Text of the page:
The Calling Part #4

December 24th, 2010 by Wordsman

Day 1:

The next day dawned over Crescenton, chilly and overcast.  People got up, groaned, sampled their favorite hangover remedies, threw the newspaper away unread in a fit of anger.  Everyone agreed that it would be best to forget about the events of the previous day as soon as possible.

Everyone except Officer Escobar.

That brisk morning found him hustling down into Simon Park Station, clutching a bag of warm pastries close to his heart.  There were several reasons why he had stopped in to buy a bag of mini-donuts on his way to work.  One was as insurance, in case he ran into Larry again—the man’s ability to be across town when you wanted to see him and right behind you when you didn’t had led to speculation that he was not only a ninja but a ninja with a twin brother.  The second was as a gift for the mystery woman, who, presuming she has spent the night down there, would be in need of warm food.  The third, of course, was that resisting those deep-fried rings of soft, faintly crunchy, brown sugary goodness required feats of will of which Escobar was, quite frankly, not capable.

The station looked different in the morning.  In the eight or so hours he had been away, the place had woken up.  A steady trickle of passengers-to-be flowed past him, punctuated by the occasional surge in the opposite direction whenever a train arrived.  Shops had come to life, offering everything from coffee to coffee with sugar; the quality was poor, but the price—and, more importantly, the time investment—were right.  Officer Escobar, who had already had two cups of fine French Roast and was holding a bag containing more than his Recommended Dietary Allowance of sugar, ignored them.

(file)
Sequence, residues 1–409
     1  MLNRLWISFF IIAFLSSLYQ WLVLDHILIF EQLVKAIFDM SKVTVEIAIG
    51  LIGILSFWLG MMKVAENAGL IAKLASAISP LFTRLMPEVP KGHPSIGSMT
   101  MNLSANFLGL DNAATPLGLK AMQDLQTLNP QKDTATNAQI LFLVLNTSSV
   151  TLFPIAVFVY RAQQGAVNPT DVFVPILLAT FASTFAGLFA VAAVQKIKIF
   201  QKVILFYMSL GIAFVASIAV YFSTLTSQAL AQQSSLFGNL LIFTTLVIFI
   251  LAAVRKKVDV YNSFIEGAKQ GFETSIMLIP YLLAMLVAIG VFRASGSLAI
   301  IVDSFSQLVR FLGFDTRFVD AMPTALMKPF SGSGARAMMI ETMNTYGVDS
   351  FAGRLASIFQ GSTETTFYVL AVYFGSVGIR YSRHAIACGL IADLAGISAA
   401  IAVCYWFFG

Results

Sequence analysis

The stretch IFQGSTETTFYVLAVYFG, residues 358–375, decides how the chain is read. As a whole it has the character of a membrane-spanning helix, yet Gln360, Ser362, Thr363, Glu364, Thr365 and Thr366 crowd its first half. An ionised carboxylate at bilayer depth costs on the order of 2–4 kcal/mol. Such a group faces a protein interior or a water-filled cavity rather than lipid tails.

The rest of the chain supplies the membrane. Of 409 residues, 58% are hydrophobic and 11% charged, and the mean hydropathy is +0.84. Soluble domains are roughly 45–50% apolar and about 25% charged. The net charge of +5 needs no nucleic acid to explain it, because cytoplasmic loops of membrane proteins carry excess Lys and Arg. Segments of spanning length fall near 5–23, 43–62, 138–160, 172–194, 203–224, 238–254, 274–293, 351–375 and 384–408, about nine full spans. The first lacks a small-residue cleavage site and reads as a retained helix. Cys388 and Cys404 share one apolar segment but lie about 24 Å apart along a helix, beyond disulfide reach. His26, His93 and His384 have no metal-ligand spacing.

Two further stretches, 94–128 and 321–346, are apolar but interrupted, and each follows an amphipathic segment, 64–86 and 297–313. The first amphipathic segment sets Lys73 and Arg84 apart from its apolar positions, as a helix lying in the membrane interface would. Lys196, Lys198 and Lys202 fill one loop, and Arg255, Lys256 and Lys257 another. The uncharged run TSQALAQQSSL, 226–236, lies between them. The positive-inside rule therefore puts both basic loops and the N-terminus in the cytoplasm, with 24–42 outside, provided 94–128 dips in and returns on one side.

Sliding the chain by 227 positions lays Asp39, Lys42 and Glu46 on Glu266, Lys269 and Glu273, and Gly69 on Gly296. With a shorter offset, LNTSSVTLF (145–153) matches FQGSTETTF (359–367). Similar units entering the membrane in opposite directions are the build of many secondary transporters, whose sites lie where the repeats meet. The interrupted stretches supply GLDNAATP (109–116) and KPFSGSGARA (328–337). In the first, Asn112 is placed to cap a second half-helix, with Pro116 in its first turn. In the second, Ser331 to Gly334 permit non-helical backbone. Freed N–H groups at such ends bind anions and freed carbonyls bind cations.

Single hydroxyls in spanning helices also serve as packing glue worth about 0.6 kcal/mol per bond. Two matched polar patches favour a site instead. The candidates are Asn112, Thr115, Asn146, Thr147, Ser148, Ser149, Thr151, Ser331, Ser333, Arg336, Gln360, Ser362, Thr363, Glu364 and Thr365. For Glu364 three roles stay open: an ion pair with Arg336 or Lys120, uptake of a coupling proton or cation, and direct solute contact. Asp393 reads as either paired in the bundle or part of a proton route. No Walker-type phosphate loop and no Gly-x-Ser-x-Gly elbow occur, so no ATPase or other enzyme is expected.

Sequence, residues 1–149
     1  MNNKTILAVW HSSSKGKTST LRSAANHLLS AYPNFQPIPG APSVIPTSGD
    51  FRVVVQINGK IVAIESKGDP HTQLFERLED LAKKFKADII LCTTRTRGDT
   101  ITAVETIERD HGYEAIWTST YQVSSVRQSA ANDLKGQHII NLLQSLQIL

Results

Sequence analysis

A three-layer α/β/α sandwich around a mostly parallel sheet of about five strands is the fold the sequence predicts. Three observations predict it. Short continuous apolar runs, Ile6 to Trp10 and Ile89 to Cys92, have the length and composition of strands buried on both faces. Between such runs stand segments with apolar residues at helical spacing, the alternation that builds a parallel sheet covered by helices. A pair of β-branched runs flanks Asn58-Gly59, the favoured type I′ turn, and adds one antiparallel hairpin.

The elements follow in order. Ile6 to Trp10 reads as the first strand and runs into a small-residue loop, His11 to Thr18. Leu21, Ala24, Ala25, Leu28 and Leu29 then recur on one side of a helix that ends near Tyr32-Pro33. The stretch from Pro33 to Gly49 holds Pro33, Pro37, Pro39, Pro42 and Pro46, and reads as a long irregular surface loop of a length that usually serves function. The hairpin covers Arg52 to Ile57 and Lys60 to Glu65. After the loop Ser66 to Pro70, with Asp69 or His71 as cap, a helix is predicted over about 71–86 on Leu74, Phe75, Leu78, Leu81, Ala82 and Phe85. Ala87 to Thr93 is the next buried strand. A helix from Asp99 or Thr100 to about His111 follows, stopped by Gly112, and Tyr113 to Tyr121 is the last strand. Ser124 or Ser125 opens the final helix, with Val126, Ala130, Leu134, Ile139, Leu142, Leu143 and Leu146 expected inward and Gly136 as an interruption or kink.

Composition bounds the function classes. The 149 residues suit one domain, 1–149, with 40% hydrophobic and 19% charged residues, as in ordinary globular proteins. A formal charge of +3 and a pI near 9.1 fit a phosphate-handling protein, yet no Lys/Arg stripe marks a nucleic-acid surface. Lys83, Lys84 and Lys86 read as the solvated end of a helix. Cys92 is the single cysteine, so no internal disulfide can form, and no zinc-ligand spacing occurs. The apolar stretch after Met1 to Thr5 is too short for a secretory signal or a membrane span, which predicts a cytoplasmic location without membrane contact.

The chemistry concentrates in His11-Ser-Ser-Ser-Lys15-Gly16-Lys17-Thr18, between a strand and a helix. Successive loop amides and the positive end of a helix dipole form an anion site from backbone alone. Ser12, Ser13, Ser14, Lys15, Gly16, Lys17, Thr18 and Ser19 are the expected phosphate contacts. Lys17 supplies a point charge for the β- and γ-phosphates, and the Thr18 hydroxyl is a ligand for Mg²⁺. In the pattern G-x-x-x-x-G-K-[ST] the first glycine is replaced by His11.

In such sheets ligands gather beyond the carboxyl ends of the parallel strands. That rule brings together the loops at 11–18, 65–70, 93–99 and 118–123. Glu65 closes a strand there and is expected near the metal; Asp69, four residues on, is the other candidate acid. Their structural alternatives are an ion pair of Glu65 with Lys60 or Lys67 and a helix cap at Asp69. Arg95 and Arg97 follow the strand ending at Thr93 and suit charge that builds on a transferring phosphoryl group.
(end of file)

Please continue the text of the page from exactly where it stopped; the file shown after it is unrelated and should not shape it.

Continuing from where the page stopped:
Though the morning rush hour had passed, he worried that the sharp upswing in hustle, paired with the accompanying increase in bustle, would prevent him from finding the woman again.  Even more disturbing was the idea that she might no longer be there at all.  He could not say why he was concerned; the idea of her vanishing was just somehow unsettling.

After fifteen minutes of searching, near the end of which he half-seriously considered abusing his authority to evacuate the station, he spotted her.  She was sitting against the same pillar, on the same side, outside the primary flow of traffic but still at some risk of being stepped on (or tripped over).

Escobar approached.  Her head was down, just as it had been the night before.  For an instant he panicked, thinking that she had passed on, that he had left an old woman to perish all alone, and that it was only the mingled foul odors of the subway station that had covered up the corpse-stink and prevented her body from being found.

She was breathing.  Escobar shook his head.  He was not normally much of a worrier, a fact his wife reminded him of almost daily.

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